Tender or sore jaw muscles, problems opening or closing your mouth, headaches that you cannot explain, or a clicking or grinding noise when you chew or yawn may be caused by TMD, or temporomandibular disorder. Some causes include clenching and grinding (most often during sleep), injury to the face or jaw or some diseases, such as rheumatoid arthritis.
Treatment of TMD can include wearing a bite plane (or night guard) which is made of clear plastic. It fits over the biting surface of the teeth of one jaw so that you bite against the splint rather than your teeth. This evenly distributes the force of your bite and helps your jaw joints and muscles to relax.
Bonding is used when a tooth has been chipped, damaged, misaligned or stained/discoloured. A composite resin material (like putty) is used. This material is applied to the tooth and molded to fit the form of the tooth. Once the composite material has been shaped, it is subjected to a "bonding light" which both dries and sets the material. Once this has been completed, the dentist then polishes and smooths the material.
We provide dental care to children of all ages, and recommend that you bring your child in within six months of their first tooth coming in, or by the age of one whichever comes first. Your child's first check-up includes an introduction to the dental environment. We make this appointment quick and fun so that your child will start off with a positive dental experience. We will count your child's teeth, and review preventative measures to help your child have a happy, healthy mouth.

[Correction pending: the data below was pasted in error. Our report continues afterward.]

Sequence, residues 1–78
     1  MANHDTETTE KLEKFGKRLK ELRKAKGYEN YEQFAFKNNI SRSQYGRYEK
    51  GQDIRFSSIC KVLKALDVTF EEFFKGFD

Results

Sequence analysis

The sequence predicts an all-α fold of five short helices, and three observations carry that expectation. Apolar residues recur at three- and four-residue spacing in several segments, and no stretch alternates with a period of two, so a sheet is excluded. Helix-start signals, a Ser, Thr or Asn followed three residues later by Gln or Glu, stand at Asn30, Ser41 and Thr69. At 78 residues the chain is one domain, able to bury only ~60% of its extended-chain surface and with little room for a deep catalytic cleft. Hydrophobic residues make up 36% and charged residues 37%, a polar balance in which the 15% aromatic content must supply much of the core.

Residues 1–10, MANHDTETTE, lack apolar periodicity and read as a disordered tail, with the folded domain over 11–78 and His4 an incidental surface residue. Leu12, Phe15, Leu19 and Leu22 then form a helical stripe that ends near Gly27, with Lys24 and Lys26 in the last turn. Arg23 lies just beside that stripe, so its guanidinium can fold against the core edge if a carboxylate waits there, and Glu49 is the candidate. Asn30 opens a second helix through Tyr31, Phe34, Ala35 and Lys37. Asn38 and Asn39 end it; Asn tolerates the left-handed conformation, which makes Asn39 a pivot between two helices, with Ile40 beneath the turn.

A crown is a cover for a tooth which is decayed, damaged or has had recurrent fillings. A crown is usually made of porcelain, metal alloys or gold.
A dentist will remove any decay around the tooth to be crowned and also a small quantity of enamel. The tooth is then shaped into a base for the crown. The dentist will take an impression of the shaped tooth so that the crown will fit precisely into place. The artificial permanent tooth is then cemented onto the shaped natural tooth.
The dental hygienist works with your dentist to prevent dental disease and keep your mouth healthy. The dental hygienist is registered and certified to clean your teeth and discuss with you the importance of caring for your teeth and gums at home.
The dental hygienist may do a basic exam of your teeth and gums, and will inform your dentist about the results of the exam. Your dental hygienist may take X-rays, make dental impressions or clean, polish and apply fluoride to your teeth.
Partial dentures are artificial teeth which are affixed to a metal framework. The metal framework has clasps which attach to the patient's natural neighboring teeth. Partial dentures are given to patients with several missing teeth and/or if the adjoining teeth are too unstable to hold a bridge.
Full dentures are for patients without teeth. The denture fits into the patients mouth, directly onto the gums. The denture is made of an acrylic framework which has manufactured teeth set into it. These artificial teeth are made of plastic or porcelain.
When dental sensitivity occurs, we suggest trying desensitizing toothpaste. If the toothpaste does not ease your discomfort, there are in-office treatments available. A fluoride gel, which strengthens tooth enamel and reduces the transmission of sensations, may be applied to the sensitive areas of the teeth. Also, in the event that receding gums cause the sensitivity, we may use agents that bond to the tooth root to "seal" the sensitive teeth. The sealer is usually composed of a plastic material.